It would be no problem at all to put together a number of programmes of this kind with completely different pieces. The oeuvre of Johann Theile, for instance, is hardly explored to date. He is one of the lesser-known names included here. On the other hand, Johann Christoph Bach's lamento is one of the most famous pieces of German 17th-century music. One could say that this programme is a mixture of the more or less familiar and the hardly-known. That said, some pieces in the programme may have been included in previous recordings, but these may not be available anymore. That goes, for instance, for Franck's Weil Jesu ich in meinem Sinn, of which I know recordings by James Bowman (Meridian) and Axel Köhler (Capriccio). Like Theile, Johann Rudolph Ahle is a largely unknown quantity and only a few experts may recognize the name of Heinrich Schwemmer. From that perspective, this disc adds something substantial to the catalogue.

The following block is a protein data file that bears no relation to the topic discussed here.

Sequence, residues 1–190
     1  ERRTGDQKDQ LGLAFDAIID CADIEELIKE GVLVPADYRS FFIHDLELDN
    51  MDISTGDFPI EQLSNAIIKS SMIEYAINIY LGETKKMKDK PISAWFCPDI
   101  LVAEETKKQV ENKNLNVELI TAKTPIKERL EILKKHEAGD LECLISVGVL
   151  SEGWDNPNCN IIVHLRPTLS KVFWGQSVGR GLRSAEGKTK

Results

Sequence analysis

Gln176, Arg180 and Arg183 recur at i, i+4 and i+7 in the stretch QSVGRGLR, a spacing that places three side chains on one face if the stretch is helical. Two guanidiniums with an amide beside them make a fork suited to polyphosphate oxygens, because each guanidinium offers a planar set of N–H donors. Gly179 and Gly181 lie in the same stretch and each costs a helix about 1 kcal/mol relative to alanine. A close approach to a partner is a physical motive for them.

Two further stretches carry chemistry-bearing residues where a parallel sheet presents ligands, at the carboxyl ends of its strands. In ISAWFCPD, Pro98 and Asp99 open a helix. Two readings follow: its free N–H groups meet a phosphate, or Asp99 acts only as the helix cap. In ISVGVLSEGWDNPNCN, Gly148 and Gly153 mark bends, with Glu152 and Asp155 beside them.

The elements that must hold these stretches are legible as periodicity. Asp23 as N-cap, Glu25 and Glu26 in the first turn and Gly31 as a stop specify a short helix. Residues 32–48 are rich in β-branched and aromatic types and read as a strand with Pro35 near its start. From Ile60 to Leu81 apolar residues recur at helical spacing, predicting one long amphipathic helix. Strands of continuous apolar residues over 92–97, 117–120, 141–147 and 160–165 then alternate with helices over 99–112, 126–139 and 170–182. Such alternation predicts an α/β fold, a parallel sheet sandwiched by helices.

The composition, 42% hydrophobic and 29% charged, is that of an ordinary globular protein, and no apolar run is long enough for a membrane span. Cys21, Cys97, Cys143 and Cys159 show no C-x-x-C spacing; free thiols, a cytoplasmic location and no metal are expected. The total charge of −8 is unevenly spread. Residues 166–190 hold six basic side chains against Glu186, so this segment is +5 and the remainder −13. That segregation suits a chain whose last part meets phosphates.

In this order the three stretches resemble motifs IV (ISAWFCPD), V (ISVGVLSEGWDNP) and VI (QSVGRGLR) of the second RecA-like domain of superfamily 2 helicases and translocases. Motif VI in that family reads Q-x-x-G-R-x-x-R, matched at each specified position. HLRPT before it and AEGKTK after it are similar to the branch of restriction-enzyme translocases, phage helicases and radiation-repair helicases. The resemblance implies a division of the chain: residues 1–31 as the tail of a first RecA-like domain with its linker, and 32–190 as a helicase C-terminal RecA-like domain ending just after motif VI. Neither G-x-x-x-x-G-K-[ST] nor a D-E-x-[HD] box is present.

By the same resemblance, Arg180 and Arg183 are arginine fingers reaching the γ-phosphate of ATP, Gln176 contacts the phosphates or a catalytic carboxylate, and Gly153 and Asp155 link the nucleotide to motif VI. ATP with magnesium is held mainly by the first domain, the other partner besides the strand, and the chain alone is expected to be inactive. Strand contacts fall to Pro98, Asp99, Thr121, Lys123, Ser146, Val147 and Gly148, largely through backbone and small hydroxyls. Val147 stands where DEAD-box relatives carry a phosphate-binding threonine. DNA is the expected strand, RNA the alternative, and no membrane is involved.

Overall I have enjoyed this disc, not only because of the music, but also the performances. Paulin Bündgen has a nice voice and his German pronunciation is quite good. The text is always clearly intelligible, which is of vital importance in this repertoire. The strings are playing very well, although sometimes I would have liked a clearer articulation. That said, this disc does not entirely live up to my expectations. That is mainly the result of a lack of dynamics. In particular Bündgen could have delivered a more dynamically differentiated performance and should have set more marked accents. His performance is also not declamatory enough. The more straightforward pieces, such as Johann Michael Bach's Ach, laß uns den Herren loben, come off pretty well, but the strong emotions in the lamento by Johann Christoph Bach are somewhat underexposed. Over the years I have heard performances which were more incisive and made a stronger impact.